Building relationships that support learning

Key components to consider when building a relationship to facilitate learning are:

  • Collaboration. Jointly determine how learning needs are to be achieved, with both the educator and student having responsibilities in the outcome.
  • Respect – in action. Showing commitment by being available, open to feedback and by following through with agreed-upon actions.
  • Being an effective role model. Your professional behaviour and attitude to learning will directly influence the students. 
  • Flexibility. Tailoring to needs of individual student, as is reasonable.
  • Setting expectations - use of a supervision contract, mechanisms of feedback, support requirements and confidentiality in the relationship.

Communicating Effectively

Effective communication is essential for facilitating student learning, but takes practice and dedicated personal reflection. Communication skills are important to:

  • explain techniques and highlight essential points
  • develop clinical reasoning
  • provide feedback on behaviour
  • encourage a student’s professional growth
  • effectively ask questions to develop the students’ ability to reflect and self evaluate

Strategies to optimise communication include:

Understand the topic or the message that you are communicating

  • Do you understand what you would like to communicate about?
  • Have you thought about it from different perspectives (pros, cons)?

Explain well: identify the key points and communicate them clearly to the receiver

  • Understand the content. Identify and emphasise the key ideas, concepts and principles.
  • Find out what the students already know about the content so you can build on their knowledge and engage the student in deep learning.
  • Structure your explanation and organise the ideas so it is logical. 
    • What do you want to communicate?
    • Who is involved?
    • Where and when is it occurring?
    • How does it work?
    • Why does to work?
    • Why should this happen?
  • Be clear and concise.  Do not talk too fast and use pauses.
  • Make the explanation interesting. Use examples and pauses to emphasise the key points.
  • Monitor for understanding of your explanation (e.g. ask for a summary, pose questions).

Be person-centred

It is important to hear and understand the sender’s message and acknowledge the message and the person. To do this engage in:

  • Understanding – demonstrate that you are willing to explore the other person’s point of view
  • Cultural competence – seek to understand what it means to be in the culture of the person you are communicating with
  • Self-monitor

Be aware of how you are communicating and how successful your communication is.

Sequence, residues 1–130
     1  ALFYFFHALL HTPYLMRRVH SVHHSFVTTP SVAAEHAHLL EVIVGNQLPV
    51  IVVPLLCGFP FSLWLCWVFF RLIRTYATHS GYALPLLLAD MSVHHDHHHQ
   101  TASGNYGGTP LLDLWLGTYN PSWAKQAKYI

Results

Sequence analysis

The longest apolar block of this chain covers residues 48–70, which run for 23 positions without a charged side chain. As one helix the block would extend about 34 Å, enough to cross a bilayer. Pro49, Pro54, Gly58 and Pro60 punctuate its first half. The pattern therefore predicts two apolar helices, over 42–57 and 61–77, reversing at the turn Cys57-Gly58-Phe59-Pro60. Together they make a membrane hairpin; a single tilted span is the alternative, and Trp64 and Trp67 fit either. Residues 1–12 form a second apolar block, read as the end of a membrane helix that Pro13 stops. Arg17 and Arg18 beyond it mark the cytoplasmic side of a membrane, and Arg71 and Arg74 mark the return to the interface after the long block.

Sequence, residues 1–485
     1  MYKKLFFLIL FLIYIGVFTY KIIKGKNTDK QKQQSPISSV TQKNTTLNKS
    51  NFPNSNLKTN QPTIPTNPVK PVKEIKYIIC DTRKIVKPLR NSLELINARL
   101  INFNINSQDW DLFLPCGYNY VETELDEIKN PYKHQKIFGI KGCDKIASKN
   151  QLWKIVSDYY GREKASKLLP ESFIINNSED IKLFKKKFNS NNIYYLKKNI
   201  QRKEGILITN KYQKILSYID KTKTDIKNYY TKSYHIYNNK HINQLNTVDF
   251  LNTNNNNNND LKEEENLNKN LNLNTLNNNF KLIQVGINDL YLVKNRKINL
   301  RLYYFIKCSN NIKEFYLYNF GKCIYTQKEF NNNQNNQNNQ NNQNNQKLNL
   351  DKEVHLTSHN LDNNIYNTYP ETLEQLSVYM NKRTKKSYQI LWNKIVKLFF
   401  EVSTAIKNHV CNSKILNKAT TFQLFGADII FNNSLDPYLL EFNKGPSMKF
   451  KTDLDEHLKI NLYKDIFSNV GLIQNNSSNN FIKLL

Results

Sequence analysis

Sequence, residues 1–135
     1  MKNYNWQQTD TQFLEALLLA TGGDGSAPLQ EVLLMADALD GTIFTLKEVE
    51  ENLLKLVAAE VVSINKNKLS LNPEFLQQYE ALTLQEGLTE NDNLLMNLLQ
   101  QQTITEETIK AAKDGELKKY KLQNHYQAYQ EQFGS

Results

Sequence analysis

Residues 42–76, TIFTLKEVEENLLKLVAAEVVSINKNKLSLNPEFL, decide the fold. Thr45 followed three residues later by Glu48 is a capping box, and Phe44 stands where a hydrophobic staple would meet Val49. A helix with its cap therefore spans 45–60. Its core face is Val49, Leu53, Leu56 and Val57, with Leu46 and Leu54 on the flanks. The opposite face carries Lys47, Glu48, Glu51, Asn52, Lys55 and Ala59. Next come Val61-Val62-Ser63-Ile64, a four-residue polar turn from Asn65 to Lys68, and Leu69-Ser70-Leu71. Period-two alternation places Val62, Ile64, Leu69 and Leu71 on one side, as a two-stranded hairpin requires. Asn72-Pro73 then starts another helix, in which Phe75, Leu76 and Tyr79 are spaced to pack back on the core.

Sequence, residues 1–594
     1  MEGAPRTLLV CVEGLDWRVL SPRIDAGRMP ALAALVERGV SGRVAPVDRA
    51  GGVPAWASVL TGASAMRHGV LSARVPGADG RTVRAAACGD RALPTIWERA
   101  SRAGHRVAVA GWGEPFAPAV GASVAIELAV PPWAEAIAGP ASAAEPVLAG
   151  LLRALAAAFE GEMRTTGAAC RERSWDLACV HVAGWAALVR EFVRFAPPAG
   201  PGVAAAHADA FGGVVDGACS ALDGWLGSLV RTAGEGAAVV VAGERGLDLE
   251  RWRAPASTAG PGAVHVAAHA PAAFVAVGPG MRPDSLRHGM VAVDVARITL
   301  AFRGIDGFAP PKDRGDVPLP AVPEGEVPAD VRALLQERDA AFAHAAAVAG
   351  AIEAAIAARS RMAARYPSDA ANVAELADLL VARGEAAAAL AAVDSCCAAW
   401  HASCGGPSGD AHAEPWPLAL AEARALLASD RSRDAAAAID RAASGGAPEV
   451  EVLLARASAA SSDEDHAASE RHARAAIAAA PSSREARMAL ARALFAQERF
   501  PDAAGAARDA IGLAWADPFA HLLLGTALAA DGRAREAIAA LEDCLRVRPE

Use active listening techniques

Active listening is a skill that greatly enhances the efficacy of feedback, reflective practice and facilitation of clinical reasoning. It demands alertness on the part of the listener (Trevithick, 2000 as cited in Health Education & Training Institute, 2012), aiming to understand the intended message as well as the content. Tips to practise active listening include:

  • Allow student time to articulate thoughts.
  • Summarise or paraphrase to ensure understanding.
  • Seek clarification if necessary.
  • Ask questions or give feedback to facilitate learning.
  • Useful active listening reosurce include:

    1. University of Adelaide - Active Listening Learning Guide

 Be professional

  • Show respect for people
  • Being aware of body language: ensure the content matches the way it’s said
  • Minimising distractions and interruptions
  • Provide sound evidence for your decision
  • Work within the code of conduct for your profession

 This video is an interview with a Clinical Education Co-ordinator discussing tips to facilitate the smooth running of a placement including the value of effective communication..


Use briefing and debriefing techniques

Briefing and debriefing can be simple interactions between the supervisor and student and can have long lasting effects on how the clinical placement unfolds. The purpose of briefing is to optimise student learning by addressing student expectations and feelings about new and unfamiliar experiences they are about to undertake (Mackenzie, 2002, p. 83).  Debriefing assists the student to digest the experience and learn from it for future practice.

FACT SHEET: Briefing and Debriefing

Occupational Therapist and Clinical Educator Wendy Szatkowski shares some recommendations for briefing and debriefing with students.


There is a myriad of resources available for learning through reflective practice.  You might find the following resources useful in your practice:



Please Note: References remain valid until superseded by later research. The resources referenced here are regularly reviewed and are considered current and relevant to the topics presented.

  • Health Education and Training Institute (2023). Clinical supervision: The superguide: a handbook for supervising allied health professionals
  • Higgs, J., McAllister, L., & Sefton, A. (2005). Communicating in the health and social sciences. In Communicating in the health and social sciences (1 ed., pp. 3-12). Oxford University Press.
  • Mackenzie, L. (2002). Briefing and debriefing of student fieldwork experiences: Exploring concerns and reflecting on practice. Australian Occupational Therapy Journal, 49, 82–92.


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